Our archive and timeline barely scratches the surface, so we leave here a disorderly list of what we didn’t get to:

  1. Local resources require more time. The online archive of the BDH is spotty for the decades of the 1990s. There is no online archive for the local newspaper, The Providence Journal, so that paper needs to be surveyed on microfiche or film at the Providence Public Library.
  2. A quick glance at this archive would make it seem as if only college students were involved in protests. This would not be true. Here, Providence high schoolers have been incredibly active since the 1960s – and very active in the last few years, organizing as the Providence Student Union and successfully pushing for an Ethnic Studies curriculum. Their important work needs to be represented.
  3. So, too, have students at Providence College, at the Rhode Island School of Design. And their work intersects and reshapes the work of students on Brown’s campus in powerful and surprising ways.
  4. A comprehensive photo archive of student protest eluded us, and so much can be learned from photographs. Local resources (campus photographers, former students, the university archives, the BDH, and the Providence Journal) are considerable).
  5. We never had a chance – or even got close – to conducting interviews with former students and activists on campus or here in Providence.
  6. Expanding the definition for Black people who seek justice seems like should be integral to this project going forward. Campuses define rights in very unusual ways, and they offer those rights to a very limited number of students. There are bigger and more robust ways to think about justice and about Blackness.
  7. Our international timeline is not yet a substantial reference point, and that task, quite obviously, is an enormous endeavor. Besides perhaps the section on South Africa, the international timeline lacks important internal histories. It will be crucial going forward to not make the international timeline Americentric. Clearly, the continued struggled for Black freedom should not be underplayed and neither should American influence in pivotal years like 1968 and 2013. However, the international timeline should not be created with a lens that neglects the vast domestic struggles of Black folks in other countries.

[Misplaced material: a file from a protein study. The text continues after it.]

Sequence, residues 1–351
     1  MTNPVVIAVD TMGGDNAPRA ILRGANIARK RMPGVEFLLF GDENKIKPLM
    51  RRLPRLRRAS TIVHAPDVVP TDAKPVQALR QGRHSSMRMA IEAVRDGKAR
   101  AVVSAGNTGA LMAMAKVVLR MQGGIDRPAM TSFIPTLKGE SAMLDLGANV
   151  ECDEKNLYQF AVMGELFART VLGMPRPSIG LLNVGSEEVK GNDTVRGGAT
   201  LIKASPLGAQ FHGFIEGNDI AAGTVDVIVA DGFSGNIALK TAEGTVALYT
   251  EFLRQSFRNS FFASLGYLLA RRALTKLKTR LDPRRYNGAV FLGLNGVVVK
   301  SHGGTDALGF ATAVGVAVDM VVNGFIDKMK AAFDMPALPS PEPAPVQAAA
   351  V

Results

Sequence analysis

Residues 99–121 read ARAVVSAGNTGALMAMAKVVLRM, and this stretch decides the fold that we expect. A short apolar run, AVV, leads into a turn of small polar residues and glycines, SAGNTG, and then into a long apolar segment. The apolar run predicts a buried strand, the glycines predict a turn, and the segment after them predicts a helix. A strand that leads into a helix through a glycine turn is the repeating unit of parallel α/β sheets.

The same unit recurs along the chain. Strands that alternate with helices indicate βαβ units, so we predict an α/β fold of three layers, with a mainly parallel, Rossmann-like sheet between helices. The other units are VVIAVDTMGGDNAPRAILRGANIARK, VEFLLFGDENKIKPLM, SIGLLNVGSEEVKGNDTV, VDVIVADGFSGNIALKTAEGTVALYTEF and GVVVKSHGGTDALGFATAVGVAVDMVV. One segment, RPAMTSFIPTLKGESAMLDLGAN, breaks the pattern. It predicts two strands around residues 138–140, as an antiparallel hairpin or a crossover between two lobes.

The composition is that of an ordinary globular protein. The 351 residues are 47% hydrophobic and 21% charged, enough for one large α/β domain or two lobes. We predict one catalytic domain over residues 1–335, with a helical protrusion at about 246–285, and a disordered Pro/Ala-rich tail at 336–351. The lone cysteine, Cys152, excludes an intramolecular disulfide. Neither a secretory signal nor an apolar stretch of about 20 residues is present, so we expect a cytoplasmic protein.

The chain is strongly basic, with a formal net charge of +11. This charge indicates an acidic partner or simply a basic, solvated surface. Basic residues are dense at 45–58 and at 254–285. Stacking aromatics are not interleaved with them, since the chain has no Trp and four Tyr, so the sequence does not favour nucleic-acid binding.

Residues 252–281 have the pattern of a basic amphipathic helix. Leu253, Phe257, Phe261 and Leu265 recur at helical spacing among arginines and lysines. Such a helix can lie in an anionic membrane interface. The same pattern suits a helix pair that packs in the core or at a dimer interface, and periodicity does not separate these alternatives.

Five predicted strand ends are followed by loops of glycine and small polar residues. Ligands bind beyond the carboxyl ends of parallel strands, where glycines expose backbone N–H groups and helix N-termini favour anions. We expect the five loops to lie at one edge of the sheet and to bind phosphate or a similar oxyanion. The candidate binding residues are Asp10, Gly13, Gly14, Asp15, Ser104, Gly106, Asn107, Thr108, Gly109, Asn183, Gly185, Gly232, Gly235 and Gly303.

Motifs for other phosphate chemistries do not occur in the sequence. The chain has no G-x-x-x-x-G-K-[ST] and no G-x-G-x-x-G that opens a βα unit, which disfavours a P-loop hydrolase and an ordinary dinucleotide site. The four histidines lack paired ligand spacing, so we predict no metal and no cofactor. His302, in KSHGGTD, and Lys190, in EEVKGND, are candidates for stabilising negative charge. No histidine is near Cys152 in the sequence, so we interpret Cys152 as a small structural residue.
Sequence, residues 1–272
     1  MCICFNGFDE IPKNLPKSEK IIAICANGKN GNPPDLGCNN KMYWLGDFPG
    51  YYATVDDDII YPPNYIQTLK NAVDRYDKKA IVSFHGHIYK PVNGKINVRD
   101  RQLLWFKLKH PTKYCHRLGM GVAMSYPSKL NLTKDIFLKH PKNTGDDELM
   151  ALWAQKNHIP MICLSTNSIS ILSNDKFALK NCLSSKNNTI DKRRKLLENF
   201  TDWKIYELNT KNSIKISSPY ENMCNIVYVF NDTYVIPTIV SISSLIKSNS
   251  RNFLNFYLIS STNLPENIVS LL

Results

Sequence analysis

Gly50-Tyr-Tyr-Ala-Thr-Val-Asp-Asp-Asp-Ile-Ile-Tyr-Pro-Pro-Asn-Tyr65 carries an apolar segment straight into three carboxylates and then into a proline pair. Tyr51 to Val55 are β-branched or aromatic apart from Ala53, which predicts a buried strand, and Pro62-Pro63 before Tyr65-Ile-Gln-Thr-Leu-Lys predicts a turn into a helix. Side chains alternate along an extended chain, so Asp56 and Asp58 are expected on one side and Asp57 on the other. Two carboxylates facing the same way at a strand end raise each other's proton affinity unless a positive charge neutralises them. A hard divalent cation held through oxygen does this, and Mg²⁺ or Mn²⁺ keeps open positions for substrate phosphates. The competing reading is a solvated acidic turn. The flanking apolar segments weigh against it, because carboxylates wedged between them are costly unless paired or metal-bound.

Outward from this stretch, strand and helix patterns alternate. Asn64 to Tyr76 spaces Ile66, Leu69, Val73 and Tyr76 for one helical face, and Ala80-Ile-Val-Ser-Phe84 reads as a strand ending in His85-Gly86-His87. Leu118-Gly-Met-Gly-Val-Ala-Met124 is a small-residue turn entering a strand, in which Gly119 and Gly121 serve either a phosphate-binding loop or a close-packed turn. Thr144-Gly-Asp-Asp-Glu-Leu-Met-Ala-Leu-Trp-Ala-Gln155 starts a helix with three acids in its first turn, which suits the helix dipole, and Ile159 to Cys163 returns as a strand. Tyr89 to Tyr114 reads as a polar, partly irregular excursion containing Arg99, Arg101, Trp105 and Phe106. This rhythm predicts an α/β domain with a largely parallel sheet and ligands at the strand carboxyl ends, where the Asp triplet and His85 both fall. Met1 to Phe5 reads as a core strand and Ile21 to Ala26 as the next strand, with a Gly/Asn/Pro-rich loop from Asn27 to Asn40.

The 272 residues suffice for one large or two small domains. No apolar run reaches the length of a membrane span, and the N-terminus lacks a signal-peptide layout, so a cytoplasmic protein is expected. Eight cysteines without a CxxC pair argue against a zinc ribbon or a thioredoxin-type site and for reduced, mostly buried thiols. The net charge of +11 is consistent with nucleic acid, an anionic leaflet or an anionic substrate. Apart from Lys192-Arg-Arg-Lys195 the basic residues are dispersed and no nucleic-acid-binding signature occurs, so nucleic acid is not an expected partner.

8. We hope that the syllabus page will continue to be updated to reflect the intense and ever growing institutionalized racism here and abroad. The media section of this page may need to be updated more frequently. We hope that future students working on this project will find as much significance in the role of the media in conveying Black student protests.
  9. We started this semester with an interest in solidarities, and in figuring out a history of moments of radical connection and possibility, but our longer timeline seemed to disrupt that effort. Solidarities fell apart. Radical connections were ephemeral. The promise of connection always seemed to vanish over time. We worried about that, but never really got to understand it.